Hooked on science: A conversation with Lisa Walton of Tuna Australia

Lisa Walton of Tuna Australia

Lisa Walton works as a technical officer for Tuna Australia. Based in Brisbane, her passion is an “unhealthy obsession for sustainable fisheries science”. We sat down with Lisa to hear about her PhD research, previous job on a shark cage dive boat, and what she’s doing for Tuna Australia.

What got you interested in studying and working in fisheries?

It started with a fantastically entertaining professor (Ian Tibbetts) during my undergrad who taught fish biology. I was lucky enough to do honours with him as well, looking at shark sensory physiology. Following this, I landed a job at Fisheries Queensland, which fuelled my interest in commercial fisheries and solidified my destiny in this field of science.

You worked at Fisheries Queensland for four years. What did you do there?

I carried out ecological risk assessments for our state-managed net, line, trawl, and trap fisheries. What I enjoyed most about this role was that it felt like I was the connection point between management, science, and industry, and that I needed to consider all three groups to do my job properly. I also loved the diversity of topics covered, from stopping turtles stealing crab pot bait to techniques to untangle critically endangered sawfish from nets.

Lisa at a tuna longline auction in Hawaii.

You're currently doing your PhD. How do you hope your research findings will be used?

My project is mainly about assessing areas of turtle and seabird interaction risk in the Eastern Tuna and Billfish Fishery. This involves a lot of environmental data and ocean modelling to work out if there is any relationship between ocean features, like currents and eddies, and the incidental capture of wildlife during commercial fishing operations. I hope that results from my project will contribute towards bycatch-reduction guidelines and maybe even a real-time program to help fishers avoid high-risk areas where risks cannot be mitigated (look up NOAA EcoCast).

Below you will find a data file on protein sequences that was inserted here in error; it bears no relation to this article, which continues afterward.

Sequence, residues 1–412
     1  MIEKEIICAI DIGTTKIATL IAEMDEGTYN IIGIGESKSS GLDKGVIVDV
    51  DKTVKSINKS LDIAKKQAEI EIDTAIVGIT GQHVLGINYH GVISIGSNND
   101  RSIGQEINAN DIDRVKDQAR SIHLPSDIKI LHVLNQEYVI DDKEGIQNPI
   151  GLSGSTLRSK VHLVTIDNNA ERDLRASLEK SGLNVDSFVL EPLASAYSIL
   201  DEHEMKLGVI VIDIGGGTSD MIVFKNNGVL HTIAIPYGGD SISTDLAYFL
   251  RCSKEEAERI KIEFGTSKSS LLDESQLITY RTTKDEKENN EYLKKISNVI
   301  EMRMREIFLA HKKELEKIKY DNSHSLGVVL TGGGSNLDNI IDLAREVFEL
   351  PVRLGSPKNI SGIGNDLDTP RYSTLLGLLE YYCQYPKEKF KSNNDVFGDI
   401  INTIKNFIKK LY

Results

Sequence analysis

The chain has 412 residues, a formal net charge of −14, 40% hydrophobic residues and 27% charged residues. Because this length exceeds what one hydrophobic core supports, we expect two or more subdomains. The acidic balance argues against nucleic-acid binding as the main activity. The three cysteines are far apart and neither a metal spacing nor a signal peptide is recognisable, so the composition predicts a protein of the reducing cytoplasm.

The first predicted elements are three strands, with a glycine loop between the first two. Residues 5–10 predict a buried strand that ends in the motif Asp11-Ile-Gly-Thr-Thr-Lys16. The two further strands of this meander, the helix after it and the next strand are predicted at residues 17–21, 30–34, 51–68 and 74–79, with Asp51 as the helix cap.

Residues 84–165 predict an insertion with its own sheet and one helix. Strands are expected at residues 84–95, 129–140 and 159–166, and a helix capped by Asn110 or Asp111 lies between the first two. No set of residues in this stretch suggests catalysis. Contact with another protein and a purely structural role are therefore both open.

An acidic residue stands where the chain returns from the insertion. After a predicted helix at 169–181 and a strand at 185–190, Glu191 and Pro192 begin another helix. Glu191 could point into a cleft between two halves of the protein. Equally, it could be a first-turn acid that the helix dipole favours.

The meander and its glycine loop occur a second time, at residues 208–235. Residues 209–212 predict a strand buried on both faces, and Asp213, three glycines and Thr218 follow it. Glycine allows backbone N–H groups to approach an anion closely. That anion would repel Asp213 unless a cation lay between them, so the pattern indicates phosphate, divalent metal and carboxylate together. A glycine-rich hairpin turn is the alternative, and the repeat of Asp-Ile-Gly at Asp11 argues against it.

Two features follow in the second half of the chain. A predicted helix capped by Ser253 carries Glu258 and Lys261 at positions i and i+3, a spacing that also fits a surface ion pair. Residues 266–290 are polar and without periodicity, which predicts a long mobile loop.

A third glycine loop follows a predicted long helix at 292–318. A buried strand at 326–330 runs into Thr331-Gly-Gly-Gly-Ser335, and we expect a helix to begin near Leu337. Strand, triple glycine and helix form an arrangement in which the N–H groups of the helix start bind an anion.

Tell us about your work for Tuna Australia

My work is based on data collection and analysis. I am exploring how fishing gear can be best managed to reduce seabird interactions, to the collection and preparation of fishing effort data to inform fish stock sustainability, and assessing impacts of renewable and non-renewable energy projects on our fishing sector.

I’m over the moon to have started working with Tuna Australia this year, and I can’t wait to see what my fishy future brings.

You worked on a shark cage dive boat in South Africa. What was that like?

Cold, but so awesome. I loved watching tourists step aboard, thinking sharks are terrifying man-eaters, to completely change their attitude towards these incredible animals at the end of the trip. Seeing the thrill on their faces from being less than a meter away from a white shark never got old.

What is your favourite tuna or swordfish dish or recipe?

I like to keep things simple with swordfish, with a garlic, lemon, coriander, and chilli butter, cooked carefully on the Weber. As for tuna, how can you go past sashimi? Ponzu dipping sauce is a must with raw fish.

Thanks, Lisa.

Stay informed

Industry news delivered to your inbox every 1-2 weeks

Subscribe to other updates:
This field is for validation purposes and should be left unchanged.